There are many unique and interesting ways the Ai can catch you out. For starters on certain maps, they are able to hide in closets and under beds, meaning players need to search every nook and cranny they can or be left vulnerable to an ambush. Another thing they can do is feign death, this is particularly important as if you don’t restrain a downed suspect, there is a chance they will get back up when you are not looking, pick up their weapon and shoot at you. If you are not prepared for these scenarios to happen, it will catch you with your guard down and you will fail.
Overall, the Ai is fairly decent, with some neat little tricks up their sleeves, and immersive and engaging combat situations. But they do need a patch to nerf how accurate they are and how fast they engage you before you even know they are there. It’s as if you’re coming face to face with the best gunslinger in the Wild West, every single time.
Graphics and Sound
Ready or Not uses Unreal Engine 4 for its graphics, allowing it to have a realistic look to it. The graphics are sleek and well fleshed out. Character models, weapon models, environment, items, and maps all look amazing with the graphics set to the highest option. The lighting looks incredible, especially on maps where you play during the dead of night. The way the developers have been able to give these dark maps a gritty and tense feeling just through the lighting alone is incredible. Light reflects off surfaces and bounces off things making them pop out. Environments are fully fleshed out, with plenty of detail and things to look at, giving each environment its own interesting unique vibe.
The audio is generally good. Guns sound incredible, and how they sound changes deepening on how far away you are. For example, if you’re in the next room over and someone starts shooting, it will sound muffled and unclear. Alternatively, if you are right next to gunfire, you will get the full experience of what that gun sounds like, and it’s beautifully done. The game features directional audio also, which is useful for hearing footsteps and being able to locate a general direction and location of said footsteps. However, this directional audio does seem to require a little bit of fine tuning, as more often than not when hearing footsteps, I have found myself going to the place where it sounds like they are coming from, only to be greeted with an empty room. This is not a major issue as it is only a small part of the game, and I am sure in the future this will be improved upon further. One of my favourite sounds in the game is when you open a door and trigger an explosive trap. All you hear is a line being tripped and a pin pull, and at this moment you have a sudden realisation that it’s game over for you.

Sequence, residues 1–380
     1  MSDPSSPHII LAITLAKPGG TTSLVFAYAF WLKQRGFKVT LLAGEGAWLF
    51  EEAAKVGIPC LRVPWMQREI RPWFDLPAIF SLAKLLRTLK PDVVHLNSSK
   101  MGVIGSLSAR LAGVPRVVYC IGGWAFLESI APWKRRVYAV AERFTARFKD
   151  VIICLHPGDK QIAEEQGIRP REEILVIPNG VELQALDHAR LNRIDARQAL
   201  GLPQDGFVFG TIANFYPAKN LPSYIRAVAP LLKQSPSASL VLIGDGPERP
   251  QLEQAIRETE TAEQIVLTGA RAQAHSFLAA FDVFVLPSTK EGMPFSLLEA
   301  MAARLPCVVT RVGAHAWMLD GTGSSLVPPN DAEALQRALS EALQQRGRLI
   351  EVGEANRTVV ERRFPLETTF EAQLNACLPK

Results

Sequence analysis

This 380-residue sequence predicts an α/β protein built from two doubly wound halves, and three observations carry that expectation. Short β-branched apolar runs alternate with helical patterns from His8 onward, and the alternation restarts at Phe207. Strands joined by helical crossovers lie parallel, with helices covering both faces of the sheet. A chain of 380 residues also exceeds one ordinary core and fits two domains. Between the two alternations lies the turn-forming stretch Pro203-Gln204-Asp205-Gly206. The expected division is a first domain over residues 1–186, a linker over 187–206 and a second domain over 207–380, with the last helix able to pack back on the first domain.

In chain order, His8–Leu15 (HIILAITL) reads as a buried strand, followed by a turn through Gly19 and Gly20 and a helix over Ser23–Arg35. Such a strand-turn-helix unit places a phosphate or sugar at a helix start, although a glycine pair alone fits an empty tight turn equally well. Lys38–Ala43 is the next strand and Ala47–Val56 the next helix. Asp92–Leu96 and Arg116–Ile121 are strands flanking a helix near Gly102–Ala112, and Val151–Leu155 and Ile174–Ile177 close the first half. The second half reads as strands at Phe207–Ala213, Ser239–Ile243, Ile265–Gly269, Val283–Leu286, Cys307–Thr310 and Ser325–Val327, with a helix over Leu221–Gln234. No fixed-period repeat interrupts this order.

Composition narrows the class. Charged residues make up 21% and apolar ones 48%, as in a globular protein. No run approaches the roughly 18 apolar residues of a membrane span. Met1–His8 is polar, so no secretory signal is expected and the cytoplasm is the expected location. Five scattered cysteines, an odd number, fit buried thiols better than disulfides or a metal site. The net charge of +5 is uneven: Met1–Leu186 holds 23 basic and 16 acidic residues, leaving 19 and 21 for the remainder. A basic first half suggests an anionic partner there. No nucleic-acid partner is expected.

Ready or not delivers a truly satisfying tactical swat experience, and when played with friends is especially immersive. Every mission gives you a thrill and so many different ways to approach them. Apart from the slim choice in maps, and godlike Ai, Ready or Not won’t fail to deliver on a genre that has been sorely lacking in recent years. The developers are constantly updating the game and unlike many studios, they actually listen to community feedback and make improvements based on what they receive.
This puts the games future in very good stead, and with Void Interactive being as proactive as they are, I cannot wait to see what Ready or Not develops to in the future, and when it leaves early access and becomes a fully released game!